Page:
Imagine that a doctor takes his car to the mechanic every year. Throughout the year, it detects that it spends paying its mechanic USD 2,000. Inquiring into the numbers, it also detects that the mechanic does not spend a single dollar in hiring the services offered by this doctor. Thinking and thinking he arrives at the following conclusion: These scoundrels take all my money and I do not come to see or take the pressure. This ends here: I don’t take my car anymore to have it checked. If this is the case, of course, the doctor will stop seeing the mechanic and the story will end with the car totally dilapidated.
Is that, obviously, people have “trade deficits” with the mechanic, the hairdresser or the grocer permanently, but the other side of these deficits are the services and products that these businesses provide us.
In commerce, both parties always win. Some put the money, and others deliver the goods. And since each part of the transaction values more what it receives than what it delivers, the trade benefits both. There is no “War”, but a peaceful voluntary agreement that improves everyone.
Now, can it be the case that we have a trade deficit with all our counterparts? Yes. In that case, we spend more than what we earn, but because we are in debt. So, someone is financing us because they trust in our ability to repay.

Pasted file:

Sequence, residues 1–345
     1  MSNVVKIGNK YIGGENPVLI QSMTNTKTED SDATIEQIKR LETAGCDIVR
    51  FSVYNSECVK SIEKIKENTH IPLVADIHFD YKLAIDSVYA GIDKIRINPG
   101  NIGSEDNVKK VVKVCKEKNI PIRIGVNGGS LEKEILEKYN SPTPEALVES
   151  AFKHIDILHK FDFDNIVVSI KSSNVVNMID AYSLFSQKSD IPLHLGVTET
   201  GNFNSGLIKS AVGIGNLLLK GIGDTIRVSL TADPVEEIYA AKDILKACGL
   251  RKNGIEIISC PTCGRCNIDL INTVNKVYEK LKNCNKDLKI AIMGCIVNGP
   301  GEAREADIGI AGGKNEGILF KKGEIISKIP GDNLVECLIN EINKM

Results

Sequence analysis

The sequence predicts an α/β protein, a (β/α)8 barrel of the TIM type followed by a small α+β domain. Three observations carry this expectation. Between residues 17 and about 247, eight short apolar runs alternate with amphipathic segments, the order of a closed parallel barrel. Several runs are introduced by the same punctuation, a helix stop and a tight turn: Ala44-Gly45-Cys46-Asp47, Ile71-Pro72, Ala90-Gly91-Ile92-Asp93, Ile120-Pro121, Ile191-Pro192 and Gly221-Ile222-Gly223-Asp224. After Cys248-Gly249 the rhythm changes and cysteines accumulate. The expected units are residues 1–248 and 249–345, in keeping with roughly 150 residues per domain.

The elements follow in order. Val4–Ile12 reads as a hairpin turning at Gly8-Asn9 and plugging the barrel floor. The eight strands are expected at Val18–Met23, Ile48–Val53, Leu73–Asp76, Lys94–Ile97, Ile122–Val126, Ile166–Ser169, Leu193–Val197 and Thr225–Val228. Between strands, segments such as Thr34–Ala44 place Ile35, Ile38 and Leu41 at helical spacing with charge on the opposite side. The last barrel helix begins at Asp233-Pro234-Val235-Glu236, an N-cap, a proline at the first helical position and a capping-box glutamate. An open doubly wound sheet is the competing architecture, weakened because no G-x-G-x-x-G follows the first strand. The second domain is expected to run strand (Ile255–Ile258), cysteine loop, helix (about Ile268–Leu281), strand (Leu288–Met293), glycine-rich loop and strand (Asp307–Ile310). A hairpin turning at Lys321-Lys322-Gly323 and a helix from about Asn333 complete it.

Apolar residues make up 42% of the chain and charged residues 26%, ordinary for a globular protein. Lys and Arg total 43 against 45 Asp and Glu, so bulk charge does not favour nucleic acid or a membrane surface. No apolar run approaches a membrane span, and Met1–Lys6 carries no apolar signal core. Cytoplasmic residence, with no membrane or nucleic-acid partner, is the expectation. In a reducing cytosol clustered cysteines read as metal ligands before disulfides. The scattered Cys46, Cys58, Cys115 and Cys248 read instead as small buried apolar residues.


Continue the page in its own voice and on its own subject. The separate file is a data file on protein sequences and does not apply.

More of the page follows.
The same applies to countries. And that’s why the US has a trade deficit more than 40 years ago. Why are billions of dollars that arrive to invest and give credits in the United States? The other side of this financing is consumption that exceeds local production and, therefore, a trade deficit.
No problem there. Upside down protectionism.
The protectionist policies of taxing imports receive that name because -supposedly- they protect someone inside the anti-importing country.
Indeed: if a tariff is imposed on steel imports, steel companies will have less competition and will be able to raise their prices, increasing their employees’ salaries or hiring more workers.